Local history has shown that when fire hydrants don’t work and fire apparatus is sent to put out a fire, this is the ultimate bad situation.
This very situation existed in Chelsea in the days before the Great Fire of 1973.
And when the city was literally burning down in October of that year, many of the hydrants firefighters went to tap into did not work.
The result – a conflagration driven by wind and to an extent, by the lack of water pressure and working hydrants.
None of us expect such a thing to happen in Everett, where it was reported to the Common Council by the fire chief that 35 hydrants are not working out of the city’s more than 700.
When five percent of the city’s hydrants aren’t working, it should be regarded as a public safety issue of the first order.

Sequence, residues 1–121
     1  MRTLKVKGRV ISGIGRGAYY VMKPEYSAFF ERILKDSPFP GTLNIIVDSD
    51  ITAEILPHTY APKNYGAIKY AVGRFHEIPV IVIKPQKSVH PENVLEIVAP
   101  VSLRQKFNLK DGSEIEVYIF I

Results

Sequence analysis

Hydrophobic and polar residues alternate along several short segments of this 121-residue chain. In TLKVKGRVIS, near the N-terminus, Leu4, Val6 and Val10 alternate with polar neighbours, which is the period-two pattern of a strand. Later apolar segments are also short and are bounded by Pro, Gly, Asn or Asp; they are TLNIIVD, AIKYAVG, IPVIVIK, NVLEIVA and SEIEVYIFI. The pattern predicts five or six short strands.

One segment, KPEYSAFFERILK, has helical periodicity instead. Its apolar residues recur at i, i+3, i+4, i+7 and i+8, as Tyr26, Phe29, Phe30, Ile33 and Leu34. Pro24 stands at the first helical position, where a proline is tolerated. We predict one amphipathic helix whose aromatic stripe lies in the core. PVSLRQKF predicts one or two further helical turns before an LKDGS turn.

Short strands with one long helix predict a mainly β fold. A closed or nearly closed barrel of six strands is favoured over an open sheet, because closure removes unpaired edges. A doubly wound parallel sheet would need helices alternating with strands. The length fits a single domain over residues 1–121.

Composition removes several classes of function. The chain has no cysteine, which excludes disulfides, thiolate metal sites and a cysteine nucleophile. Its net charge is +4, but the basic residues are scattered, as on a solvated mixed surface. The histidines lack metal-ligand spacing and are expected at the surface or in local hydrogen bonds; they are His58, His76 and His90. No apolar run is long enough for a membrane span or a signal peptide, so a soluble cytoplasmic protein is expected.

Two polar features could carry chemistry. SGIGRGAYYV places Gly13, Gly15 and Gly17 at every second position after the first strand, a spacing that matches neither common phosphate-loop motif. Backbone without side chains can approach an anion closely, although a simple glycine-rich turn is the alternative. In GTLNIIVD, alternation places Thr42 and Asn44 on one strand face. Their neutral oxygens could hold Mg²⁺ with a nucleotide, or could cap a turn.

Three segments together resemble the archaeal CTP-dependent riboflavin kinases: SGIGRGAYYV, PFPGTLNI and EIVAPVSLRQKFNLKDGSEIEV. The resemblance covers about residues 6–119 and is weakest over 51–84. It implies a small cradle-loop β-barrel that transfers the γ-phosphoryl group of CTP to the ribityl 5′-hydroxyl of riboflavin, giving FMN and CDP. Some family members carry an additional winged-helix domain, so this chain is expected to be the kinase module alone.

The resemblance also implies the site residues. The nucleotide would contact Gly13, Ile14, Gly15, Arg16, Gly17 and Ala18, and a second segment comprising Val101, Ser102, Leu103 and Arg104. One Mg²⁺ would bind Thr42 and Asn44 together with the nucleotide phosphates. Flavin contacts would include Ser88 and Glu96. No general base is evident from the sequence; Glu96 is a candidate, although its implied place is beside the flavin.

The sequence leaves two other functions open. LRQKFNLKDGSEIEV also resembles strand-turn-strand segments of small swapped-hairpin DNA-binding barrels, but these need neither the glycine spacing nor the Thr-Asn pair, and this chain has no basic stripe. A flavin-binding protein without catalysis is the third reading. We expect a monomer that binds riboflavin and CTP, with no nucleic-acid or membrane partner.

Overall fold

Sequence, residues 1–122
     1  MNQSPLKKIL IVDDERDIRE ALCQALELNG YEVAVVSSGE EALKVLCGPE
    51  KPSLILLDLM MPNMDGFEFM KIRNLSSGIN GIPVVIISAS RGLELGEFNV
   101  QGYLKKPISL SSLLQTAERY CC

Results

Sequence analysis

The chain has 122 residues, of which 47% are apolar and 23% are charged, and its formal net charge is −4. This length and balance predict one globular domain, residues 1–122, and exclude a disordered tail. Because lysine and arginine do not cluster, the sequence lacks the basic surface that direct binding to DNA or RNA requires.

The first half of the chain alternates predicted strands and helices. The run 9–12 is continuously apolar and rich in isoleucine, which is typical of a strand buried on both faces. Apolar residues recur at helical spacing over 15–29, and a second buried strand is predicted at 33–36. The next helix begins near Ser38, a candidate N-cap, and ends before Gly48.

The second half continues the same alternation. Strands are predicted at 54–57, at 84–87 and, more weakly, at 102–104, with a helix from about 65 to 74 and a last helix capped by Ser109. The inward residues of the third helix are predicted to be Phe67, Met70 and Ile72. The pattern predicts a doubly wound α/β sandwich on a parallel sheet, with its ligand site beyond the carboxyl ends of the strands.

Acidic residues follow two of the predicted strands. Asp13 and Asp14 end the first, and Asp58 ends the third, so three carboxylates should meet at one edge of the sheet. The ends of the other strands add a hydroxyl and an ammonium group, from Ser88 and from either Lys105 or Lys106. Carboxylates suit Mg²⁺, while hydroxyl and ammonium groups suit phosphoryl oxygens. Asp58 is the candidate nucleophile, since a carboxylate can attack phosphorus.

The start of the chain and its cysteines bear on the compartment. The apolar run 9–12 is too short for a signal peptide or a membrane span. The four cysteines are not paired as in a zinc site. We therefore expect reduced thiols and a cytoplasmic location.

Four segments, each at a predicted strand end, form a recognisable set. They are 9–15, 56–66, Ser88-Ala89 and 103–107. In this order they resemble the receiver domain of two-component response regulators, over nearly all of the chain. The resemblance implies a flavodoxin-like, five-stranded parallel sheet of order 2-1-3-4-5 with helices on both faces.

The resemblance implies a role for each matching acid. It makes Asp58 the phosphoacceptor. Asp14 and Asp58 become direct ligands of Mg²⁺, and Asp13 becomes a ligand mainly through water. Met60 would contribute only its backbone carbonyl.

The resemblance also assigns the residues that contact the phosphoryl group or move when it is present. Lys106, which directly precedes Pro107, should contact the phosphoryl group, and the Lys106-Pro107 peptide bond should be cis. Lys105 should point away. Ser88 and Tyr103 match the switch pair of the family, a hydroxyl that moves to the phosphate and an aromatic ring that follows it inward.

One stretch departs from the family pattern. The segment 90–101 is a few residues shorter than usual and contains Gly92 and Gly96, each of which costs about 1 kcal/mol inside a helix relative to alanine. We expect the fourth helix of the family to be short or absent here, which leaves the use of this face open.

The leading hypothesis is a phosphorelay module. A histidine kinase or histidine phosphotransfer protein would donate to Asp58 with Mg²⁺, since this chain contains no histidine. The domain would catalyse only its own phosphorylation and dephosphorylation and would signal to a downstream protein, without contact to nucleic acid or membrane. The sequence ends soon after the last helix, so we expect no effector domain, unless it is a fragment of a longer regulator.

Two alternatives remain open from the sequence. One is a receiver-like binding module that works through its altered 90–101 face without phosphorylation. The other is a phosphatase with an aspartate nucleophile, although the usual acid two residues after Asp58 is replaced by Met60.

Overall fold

We would urge the fire chief to make greater haste than waiting for September to get the obvious repairs going for the hydrants that are not presently functioning.
Time is of the essence in this important situation.
While it is good that the location of these faulty hydrants are known, every hydrant must be in working order or our public safety initiatives here aren’t worth the paper they are written on.
Bottom line, the city needs to repair these dead hydrants with speed, before the unthinkable happens.
Because once that happens, then it’s too late.